A. Representative Characteristics

  • Process managers:
    • Set realistic objectives, policies and plans for the process.
    • Enforce policies and train and direct people to practice and document the procedures.
    • Track cost, time, and performance primarily with output measures.
    • Identify problems when they arise.
  • People work more effectively by:
    • Incorporating “lessons learned” from the best staff into documented processes.
    • Building the skills to perform those processes.
    • Continually improving by learning from people performing the job.
    • Sharing successful practices that lead to more repetition across the organization.

B. Process Maturity Evaluation Criteria

  • Basic policies – A basic policy structure is established to articulate (1) process purpose and objectives and (2) roles, responsibilities and accountabilities for executing and monitoring the process.
  • Quality assurance – Activities are established to “inspect” quality to ensure that quality objectives are met as the process is improved.
  • Basic controls and management oversight – Basic internal controls are in place along with appropriate oversight activities by management.
  • Basic tracking of cost, time and quality outputs – Basic cost, quality and time output measures are in place.
  • Activity planning – Specific process activities to achieve the stated objectives and requirements are designed and documented.
  • Understanding of customer requirements – The objectives and requirements of the process are clearly understood.

C. Maturity Focus for Next Level – Defined Stage

  • Develop a standard and consistent process.

III. Defined Stage

At the Defined Stage, the process is well documented and the Six Components of Infrastructure are integrated into a standard process for the enterprise. This process includes: inputs; standards and procedures for performing the work; verification mechanisms (such as internal audit or peer reviews); and outputs and completion criteria. Policies, process, and standards are defined and institutionalized, creating a “chain of certification.” A major challenge many organizations face is designing a process that empowers the individuals doing the work without being overly rigid. Also, managers proactively anticipate risks that may arise and prepare for them.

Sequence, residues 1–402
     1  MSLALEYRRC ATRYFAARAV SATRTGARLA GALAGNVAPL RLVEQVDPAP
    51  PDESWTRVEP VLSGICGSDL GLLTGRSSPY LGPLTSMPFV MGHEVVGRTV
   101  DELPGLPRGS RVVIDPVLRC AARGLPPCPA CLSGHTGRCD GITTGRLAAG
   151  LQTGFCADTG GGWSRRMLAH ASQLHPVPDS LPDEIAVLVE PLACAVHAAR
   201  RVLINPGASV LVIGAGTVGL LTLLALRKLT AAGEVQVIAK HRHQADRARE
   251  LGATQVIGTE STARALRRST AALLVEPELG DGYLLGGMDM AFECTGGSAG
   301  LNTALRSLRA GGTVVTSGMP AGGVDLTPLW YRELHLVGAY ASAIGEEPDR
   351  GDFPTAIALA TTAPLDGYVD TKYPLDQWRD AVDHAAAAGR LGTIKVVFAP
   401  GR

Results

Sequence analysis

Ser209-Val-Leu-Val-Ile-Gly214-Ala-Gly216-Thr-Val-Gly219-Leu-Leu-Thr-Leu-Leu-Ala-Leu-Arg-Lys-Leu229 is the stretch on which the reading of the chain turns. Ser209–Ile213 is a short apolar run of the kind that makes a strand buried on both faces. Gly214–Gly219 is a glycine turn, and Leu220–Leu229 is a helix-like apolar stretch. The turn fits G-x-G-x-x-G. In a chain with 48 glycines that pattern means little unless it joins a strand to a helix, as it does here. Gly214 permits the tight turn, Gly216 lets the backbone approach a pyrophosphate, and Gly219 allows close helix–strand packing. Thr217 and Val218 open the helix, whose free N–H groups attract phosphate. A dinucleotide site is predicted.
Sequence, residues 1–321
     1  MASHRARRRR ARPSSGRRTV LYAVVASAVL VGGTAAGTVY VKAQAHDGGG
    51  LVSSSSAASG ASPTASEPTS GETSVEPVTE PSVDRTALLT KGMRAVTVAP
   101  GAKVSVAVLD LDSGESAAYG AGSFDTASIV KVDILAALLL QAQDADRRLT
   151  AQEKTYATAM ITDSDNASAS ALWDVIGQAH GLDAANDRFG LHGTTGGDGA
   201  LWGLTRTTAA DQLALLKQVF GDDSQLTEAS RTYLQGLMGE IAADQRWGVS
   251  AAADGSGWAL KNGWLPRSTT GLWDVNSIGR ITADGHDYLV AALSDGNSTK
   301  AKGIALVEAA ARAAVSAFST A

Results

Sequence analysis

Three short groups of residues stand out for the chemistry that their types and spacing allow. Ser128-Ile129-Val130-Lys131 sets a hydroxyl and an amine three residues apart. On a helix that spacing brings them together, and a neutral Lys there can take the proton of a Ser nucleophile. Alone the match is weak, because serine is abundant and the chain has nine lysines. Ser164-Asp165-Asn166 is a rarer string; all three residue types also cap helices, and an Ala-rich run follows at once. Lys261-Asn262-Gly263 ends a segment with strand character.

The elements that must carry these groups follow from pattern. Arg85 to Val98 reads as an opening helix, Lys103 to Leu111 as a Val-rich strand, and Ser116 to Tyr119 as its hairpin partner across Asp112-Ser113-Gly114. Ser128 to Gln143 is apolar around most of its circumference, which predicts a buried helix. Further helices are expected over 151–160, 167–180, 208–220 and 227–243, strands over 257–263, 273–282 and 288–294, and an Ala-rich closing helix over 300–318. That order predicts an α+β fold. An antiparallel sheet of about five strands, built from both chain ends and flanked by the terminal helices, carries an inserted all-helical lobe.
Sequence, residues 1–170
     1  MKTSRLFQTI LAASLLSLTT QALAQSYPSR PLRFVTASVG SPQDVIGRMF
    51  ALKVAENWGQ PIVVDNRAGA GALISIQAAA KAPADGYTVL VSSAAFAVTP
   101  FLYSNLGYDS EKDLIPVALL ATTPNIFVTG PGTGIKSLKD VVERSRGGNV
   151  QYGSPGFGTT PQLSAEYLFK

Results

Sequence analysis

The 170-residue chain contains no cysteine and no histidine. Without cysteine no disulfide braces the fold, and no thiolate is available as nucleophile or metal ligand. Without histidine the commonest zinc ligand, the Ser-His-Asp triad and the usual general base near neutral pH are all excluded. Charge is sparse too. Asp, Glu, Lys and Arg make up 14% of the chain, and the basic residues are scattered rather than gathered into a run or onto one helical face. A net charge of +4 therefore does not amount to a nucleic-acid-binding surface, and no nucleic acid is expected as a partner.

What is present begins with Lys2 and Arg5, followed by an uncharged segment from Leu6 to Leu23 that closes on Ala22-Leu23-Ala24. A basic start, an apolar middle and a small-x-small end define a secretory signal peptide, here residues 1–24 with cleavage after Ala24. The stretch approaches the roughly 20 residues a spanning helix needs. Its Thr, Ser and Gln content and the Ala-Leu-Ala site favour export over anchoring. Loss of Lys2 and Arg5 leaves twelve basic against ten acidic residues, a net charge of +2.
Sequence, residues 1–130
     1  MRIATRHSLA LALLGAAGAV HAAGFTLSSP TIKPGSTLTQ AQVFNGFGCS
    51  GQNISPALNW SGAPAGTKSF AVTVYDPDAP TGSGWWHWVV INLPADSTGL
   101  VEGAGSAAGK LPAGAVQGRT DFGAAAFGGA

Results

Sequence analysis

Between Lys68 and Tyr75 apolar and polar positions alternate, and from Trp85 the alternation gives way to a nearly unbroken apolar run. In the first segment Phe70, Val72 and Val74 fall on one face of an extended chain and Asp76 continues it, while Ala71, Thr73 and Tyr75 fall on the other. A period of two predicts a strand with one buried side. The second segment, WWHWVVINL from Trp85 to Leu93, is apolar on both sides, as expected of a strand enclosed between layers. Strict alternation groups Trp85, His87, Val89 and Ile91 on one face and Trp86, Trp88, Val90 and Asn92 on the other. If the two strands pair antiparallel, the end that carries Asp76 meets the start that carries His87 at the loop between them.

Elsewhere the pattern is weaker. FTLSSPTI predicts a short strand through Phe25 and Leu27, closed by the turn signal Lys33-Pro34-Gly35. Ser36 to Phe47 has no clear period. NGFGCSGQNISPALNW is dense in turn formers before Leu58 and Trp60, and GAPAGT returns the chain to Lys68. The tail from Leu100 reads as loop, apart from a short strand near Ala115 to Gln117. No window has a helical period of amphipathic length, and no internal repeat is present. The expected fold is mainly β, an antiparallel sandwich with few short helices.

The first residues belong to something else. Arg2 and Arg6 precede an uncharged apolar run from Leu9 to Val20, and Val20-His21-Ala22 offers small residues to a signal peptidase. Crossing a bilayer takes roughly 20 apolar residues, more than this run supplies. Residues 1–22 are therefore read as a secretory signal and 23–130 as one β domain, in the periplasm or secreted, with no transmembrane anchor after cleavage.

A. Representative Characteristics

  • “Documentation and standardization” means:
    • The tasks of the process are documented well enough to be understood by process participants.
    • There is a common enterprise-wide understanding of the activities, roles and responsibilities in the process.
    • Organization-wide training is designed to ensure that staff and managers have the requisite knowledge and skills to execute the process.
  • “Integration” means:
    • Policies, process activities, skill sets, reports, methodologies and technology are integrated into a coherent whole.
    • The outputs of one task flow smoothly into the inputs of the next task.
    • When mismatches between tasks occur, they are identified and addressed timely rather than “overcome” when encountered while executing the process.

B. Process Maturity Evaluation Criteria

  • Verification mechanisms – To ensure the process is performing as intended, internal audit or independent peer group teams conduct period audits.
  • Cross-functional coordination – If the process cuts across functional boundaries, a cross-functional team is created to execute and monitor the process.
  • Integration technology and data – The process design integrates systems and data as enablers to the other elements of infrastructure.
  • Integration of competencies, reports and methods – The process design integrates key elements of infrastructure, i.e., people and organization, management reports and methodologies.
  • Process training – Formal training supports and reinforces the policies and activities defining the process.
  • Organization process definition – The process is clearly defined so that everyone who has a role in building, executing and monitoring the process can understand its purpose and design.
  • Organization process focus – The entity is committed to establishing in word and deed a “process discipline,” enterprise-wide, with respect to the specific process.

C. Maturity Focus for Next Level

  • Create a predictable process.

IV. Managed Stage